3 Business Lessons From Seattle’s Super Bowl Loss3 Business Lessons From Seattle’s Super Bowl Loss
Super Bowl XLIX proved to be exciting, controversial and as it happens filled with life and business lessons. Regardless of which team you were rooting for, Seattle lost the game more than New England won it.
February 4, 2015
Super Bowl XLIX proved to be exciting, controversial and, as it happens, filled with life and business lessons. Regardless of which team you were rooting for, Seattle lost the game more than New England won it.
While that may be debated for years to come, there are three major lessons business owners and operators can take away from the spectacle. Here they are:
1. It’s not over until it’s over: Seattle had it locked. Thirty seconds to go and on the goal line and first down. Some even speculated the Patriots would let Seattle score easily so they can at least get the ball back and get another shot. Not so fast: Just like contract negotiations. It’s not final or not a sale until the insertion order comes in. All the sales pipeline percentages don’t amount to much until a contract is actually signed. Verbals may make you feel good however, as a business owner or operator, signed paperwork is needed. It’s not official until that document comes in. Be careful how many resources you put against promised business that may never come to fruition.
2. Mistakes are always remembered more than successes: Everyone is talking Seattle's bad decision to pass the ball instead of running straight into the end zone. All the focus is on why Seattle didn’t give the ball to Marshawn Lynch, who rushed for more than 1,300 yards during the season and more than 100 during the Super Bowl. Instead, they decided to pass the ball, which was intercepted, surprising the more than 112 million people watching. No one is talking about the Seahawks’ receiver Jermaine Kearse’s amazing catch that got them near the goal line. They are only talking about Russell Wilson’s pass that got intercepted. It's the same in business: If your customer or potential customer has had a bad experience it stays with them longer than a positive one. Unfortunately, the good often gets overlooked. As a business professional you are expected to deliver. When you don’t, it will take a long time for your customers to forget it, if they ever do. The point is to keep expectations reasonable and put yourself in a position to over deliver instead of overpromising.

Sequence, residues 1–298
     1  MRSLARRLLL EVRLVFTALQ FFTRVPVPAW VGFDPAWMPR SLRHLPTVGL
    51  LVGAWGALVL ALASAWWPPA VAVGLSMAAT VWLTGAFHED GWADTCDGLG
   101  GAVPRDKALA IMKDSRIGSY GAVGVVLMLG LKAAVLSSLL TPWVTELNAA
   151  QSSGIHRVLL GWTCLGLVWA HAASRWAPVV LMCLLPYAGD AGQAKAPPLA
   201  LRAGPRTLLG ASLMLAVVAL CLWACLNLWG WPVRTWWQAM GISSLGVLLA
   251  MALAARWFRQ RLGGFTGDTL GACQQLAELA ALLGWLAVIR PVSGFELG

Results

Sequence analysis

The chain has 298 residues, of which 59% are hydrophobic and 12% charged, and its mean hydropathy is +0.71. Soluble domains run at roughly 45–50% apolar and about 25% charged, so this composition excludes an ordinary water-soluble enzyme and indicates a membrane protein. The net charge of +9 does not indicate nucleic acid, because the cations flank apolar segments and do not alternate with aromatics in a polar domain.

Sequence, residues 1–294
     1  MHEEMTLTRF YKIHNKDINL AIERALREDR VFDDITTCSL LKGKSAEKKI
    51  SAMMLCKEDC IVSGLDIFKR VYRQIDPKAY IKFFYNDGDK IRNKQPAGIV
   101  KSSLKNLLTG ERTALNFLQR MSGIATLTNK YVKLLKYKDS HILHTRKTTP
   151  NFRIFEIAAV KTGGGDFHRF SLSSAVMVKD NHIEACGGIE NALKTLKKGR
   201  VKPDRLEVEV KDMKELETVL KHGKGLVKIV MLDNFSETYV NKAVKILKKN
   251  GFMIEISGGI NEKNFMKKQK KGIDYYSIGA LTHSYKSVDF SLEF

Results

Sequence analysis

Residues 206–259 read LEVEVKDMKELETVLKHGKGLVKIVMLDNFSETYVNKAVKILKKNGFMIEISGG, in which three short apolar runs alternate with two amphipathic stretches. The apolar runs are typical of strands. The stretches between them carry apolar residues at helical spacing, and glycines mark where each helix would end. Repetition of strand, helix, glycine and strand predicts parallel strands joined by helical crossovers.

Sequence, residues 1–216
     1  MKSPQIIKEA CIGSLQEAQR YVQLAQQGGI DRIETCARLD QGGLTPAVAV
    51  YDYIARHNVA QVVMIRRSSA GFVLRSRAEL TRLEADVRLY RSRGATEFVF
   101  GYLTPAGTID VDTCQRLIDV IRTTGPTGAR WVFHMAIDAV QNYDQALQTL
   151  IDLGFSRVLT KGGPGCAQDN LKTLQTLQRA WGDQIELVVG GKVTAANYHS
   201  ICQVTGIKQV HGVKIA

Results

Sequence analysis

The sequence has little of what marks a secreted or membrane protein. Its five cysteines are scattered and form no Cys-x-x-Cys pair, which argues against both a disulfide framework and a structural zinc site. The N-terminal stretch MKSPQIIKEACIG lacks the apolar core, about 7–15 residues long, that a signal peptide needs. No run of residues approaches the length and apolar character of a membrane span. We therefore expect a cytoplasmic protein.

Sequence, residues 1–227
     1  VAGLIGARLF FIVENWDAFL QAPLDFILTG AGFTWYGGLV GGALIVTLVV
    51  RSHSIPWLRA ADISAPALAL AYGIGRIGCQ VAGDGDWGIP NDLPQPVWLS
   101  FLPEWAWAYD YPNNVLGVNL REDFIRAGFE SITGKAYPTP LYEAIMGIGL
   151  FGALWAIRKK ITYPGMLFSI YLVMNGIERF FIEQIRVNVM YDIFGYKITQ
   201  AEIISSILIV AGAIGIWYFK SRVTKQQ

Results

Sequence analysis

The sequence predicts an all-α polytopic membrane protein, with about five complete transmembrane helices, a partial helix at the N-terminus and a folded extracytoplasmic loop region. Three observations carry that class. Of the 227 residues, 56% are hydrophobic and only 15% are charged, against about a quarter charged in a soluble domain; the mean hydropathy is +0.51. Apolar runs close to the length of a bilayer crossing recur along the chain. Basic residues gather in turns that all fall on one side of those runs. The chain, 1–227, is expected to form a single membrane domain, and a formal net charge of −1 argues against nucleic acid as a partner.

3. The end result is all that matters: Regardless of the great, almost comeback by Seattle in Super Bowl XLIX, the Patriots won. Regardless of the remarkable two-minute drive by Wilson and amazing catch by Kearse, the Patriots won. The New England Patriots have the title as the best team in football. When it comes to business, the end result matters. How you treat your employees, customers and business partners are ways to get to the end result and the end result is sales. Businesses are around to make money. That is capitalism. If your organization is structured correctly, operates with integrity and provides the resources your employees need, you will succeed. Everyone has to have skin in the game. Everyone needs to be on the same team. And every employee needs to understand they are an extension of the business and understand their role in helping achieve the end result.
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